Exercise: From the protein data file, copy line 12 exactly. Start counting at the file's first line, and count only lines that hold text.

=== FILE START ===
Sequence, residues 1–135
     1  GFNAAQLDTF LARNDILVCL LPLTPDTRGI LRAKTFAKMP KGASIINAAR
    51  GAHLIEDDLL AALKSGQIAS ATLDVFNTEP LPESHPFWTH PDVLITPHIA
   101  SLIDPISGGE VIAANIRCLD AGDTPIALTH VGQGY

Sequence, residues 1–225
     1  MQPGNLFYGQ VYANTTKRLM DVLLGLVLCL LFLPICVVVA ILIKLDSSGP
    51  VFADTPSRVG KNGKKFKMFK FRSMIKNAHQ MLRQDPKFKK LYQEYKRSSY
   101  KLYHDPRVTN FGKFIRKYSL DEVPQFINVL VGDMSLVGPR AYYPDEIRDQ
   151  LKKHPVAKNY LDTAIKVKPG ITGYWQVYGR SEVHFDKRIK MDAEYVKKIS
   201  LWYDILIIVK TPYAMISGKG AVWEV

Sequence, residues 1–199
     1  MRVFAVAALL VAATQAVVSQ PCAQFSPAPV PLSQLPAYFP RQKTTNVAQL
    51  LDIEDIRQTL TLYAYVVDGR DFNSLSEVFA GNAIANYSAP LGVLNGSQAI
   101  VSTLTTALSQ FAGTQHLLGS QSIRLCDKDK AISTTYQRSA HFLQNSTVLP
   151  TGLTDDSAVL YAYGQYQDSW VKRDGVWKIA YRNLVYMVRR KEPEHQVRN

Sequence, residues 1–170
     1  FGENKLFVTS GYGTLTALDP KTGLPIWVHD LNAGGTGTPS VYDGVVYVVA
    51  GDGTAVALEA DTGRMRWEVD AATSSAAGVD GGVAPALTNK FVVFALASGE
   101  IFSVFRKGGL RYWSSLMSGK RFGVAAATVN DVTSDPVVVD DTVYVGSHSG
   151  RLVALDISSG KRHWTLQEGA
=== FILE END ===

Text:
     1  MRVFAVAALL VAATQAVVSQ PCAQFSPAPV PLSQLPAYFP RQKTTNVAQL